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Brexit delay 'worst outcome' for retail

Retail leaders have called for a quick resolution to Brexit, as continued uncertainty is “extending the agony” ahead of the crucial peak trading period.

After Commons speaker John Bercow refused the government’s request for a vote on its Brexit deal, a Withdrawal Agreement Bill was published on Monday night.

To complete Brexit by the deadline of 31 October, the government has proposed three days of scrutiny of the 110-page bill. This would allow proposals to complete the Commons stages by 24 October.

If the Withdrawal Agreement Bill is passed, a Brexit deal is expected to be agreed by parliament on or soon after 31 October. However, if it fails, the Council of the European Union will decide whether to grant a further delay, or impose a no-deal Brexit.

Industry leaders have told Drapers that a further delay to Brexit would be “the worst outcome for all retailers”.

“The worst result is if there is an extension and it goes on even longer. It’s extending the agony,” said the chairman of one fashion multiple. “If you believe the figures [about companies blaming profit warnings on Brexit], then you have to believe that continued uncertainty will only bring more problems.”

EY’s Profit Warning Report shows that in the first nine months of 2019, retail profit warnings hit their highest rate since the financial crisis,  and 43% of those were in clothing. In the three months to 30 September, 22% of profit warnings cited Brexit as a cause, up 10% on the first quarter of the year.

“We’ve had too many years of uncertainty. It’s time to get on one way or the other,” said Simon Poole, managing director of menswear chain Luke 1977. “We’re feeling it now and need a resolution. Customer confidence has dropped and has gotten worse in the last eight weeks.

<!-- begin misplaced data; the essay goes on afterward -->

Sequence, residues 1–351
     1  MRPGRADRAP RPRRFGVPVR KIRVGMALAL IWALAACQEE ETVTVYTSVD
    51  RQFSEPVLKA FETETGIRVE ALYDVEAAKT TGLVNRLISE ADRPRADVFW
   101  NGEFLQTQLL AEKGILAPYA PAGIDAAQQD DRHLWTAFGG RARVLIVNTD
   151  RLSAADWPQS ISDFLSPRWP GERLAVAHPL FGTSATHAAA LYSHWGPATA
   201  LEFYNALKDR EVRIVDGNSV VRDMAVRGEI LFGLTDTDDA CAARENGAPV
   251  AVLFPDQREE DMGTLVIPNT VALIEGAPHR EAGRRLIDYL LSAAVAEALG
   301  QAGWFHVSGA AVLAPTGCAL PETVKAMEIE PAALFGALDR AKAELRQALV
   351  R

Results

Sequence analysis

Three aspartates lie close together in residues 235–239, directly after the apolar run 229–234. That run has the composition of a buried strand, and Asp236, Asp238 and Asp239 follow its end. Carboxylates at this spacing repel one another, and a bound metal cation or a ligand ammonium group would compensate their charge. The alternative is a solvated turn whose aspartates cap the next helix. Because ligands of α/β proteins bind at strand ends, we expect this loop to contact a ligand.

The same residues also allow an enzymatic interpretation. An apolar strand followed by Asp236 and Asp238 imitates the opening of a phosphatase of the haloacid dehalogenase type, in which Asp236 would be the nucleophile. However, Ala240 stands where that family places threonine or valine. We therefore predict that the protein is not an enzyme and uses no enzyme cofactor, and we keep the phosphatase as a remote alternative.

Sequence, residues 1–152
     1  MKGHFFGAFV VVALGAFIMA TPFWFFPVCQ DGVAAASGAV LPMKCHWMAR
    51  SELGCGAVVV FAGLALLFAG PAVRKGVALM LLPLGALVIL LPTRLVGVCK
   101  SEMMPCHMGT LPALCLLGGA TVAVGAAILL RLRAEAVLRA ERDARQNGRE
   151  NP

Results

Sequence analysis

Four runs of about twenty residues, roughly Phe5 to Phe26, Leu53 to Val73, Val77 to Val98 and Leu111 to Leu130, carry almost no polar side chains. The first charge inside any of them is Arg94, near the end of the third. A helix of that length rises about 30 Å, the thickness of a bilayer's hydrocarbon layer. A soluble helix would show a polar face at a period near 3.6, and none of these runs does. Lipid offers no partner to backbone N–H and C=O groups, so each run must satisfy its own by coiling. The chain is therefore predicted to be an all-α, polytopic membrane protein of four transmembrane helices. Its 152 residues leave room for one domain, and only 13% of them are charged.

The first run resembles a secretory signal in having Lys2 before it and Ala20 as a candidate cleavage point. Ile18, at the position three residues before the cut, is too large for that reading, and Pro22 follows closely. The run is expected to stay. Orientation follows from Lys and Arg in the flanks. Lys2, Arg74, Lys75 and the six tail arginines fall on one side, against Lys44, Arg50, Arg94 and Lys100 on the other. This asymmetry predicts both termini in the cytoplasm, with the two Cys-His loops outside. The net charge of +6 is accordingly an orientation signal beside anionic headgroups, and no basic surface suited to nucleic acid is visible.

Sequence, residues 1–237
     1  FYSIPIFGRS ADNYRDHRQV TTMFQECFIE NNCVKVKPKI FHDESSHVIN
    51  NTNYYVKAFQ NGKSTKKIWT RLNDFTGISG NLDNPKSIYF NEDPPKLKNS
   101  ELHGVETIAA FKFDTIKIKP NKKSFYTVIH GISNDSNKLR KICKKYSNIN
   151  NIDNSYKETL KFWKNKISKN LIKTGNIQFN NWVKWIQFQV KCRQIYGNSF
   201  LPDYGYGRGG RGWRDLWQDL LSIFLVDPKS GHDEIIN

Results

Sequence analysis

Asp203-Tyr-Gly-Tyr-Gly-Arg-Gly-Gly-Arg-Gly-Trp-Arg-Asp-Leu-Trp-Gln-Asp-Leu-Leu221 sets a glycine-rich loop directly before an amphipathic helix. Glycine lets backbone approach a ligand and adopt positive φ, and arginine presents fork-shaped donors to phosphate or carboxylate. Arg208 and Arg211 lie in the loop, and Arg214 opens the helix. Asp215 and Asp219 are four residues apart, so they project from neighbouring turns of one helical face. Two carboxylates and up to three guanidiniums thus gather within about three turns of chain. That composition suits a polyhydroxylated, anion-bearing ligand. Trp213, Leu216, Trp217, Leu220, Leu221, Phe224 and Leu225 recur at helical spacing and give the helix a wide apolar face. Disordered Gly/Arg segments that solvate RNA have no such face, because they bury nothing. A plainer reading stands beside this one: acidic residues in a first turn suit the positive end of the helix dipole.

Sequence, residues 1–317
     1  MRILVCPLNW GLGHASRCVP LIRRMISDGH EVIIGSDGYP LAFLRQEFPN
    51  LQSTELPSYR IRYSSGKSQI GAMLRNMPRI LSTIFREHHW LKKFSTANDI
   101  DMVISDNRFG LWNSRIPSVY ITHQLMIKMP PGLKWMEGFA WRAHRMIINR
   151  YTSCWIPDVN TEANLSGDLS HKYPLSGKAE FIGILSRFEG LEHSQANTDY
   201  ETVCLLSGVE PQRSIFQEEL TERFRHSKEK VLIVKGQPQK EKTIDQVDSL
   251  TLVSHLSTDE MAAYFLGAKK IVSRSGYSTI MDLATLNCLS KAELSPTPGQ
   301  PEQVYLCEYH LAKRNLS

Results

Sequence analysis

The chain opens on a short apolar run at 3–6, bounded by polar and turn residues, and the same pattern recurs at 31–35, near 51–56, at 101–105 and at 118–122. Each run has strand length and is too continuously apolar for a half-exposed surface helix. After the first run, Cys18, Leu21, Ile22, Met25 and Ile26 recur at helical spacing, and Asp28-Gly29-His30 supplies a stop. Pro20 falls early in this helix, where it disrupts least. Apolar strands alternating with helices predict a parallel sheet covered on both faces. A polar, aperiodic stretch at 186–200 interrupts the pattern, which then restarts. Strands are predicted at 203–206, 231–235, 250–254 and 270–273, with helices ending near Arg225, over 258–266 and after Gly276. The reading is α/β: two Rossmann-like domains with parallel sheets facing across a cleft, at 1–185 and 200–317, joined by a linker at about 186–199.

“We noticed [sales] slowing down in September and October, and our competitors have introduced some quite serious price increases in the last 18 months because of the impact on the pound. There’s been a lot more discounting this season, which is always a sure sign that people are having a tough time.”

Consumer spending is predicted to rise by just 0.8% over the key peak trading period – the slowest rate of growth for three years, the Centre for Retail Research has forecast. Its annual Shopping for Christmas report, commissioned by, warned consumer confidence has hit a 10-year low amid Brexit worries.

Superdry CEO Julian Dunkerton, who donated £1m to the People’s Vote campaign for a second referendum, said: “A hard Brexit would be a total disaster for the nation. Inflation will be rampant. We would be voting for the country to commit economic suicide.

“Currency fluctuations are the biggest issue that most people are having to deal with, and every time we edge towards a harder Brexit the pound devalues. Even if Boris’s deal gets through, the deal is not done. We will be in limbo, and we have no idea of the terms and that halts investment.”

While Dunkerton wants a second referendum to “give clarity”, others are calling for a deal to be agreed to curtail the ongoing uncertainty.

One retail chairwoman told Drapers: “It’s very hard to plan for businesses and the less runway we have to plan, the more likely it is volatility will feed through. The most important thing is certainty, whatever the next course of action is.”

Retail consultant Erica Vilkauls, former CEO of LK Bennett, added: “A delay has to be the worst outcome for all retailers. With landlords not helping with rents, and the government not helping with business rates, retailers are hindered in their efforts to be lean and efficient – a must for their successful future. At least when Brexit is resolved one way or another, we can all go back to blaming the weather for poor performances.”

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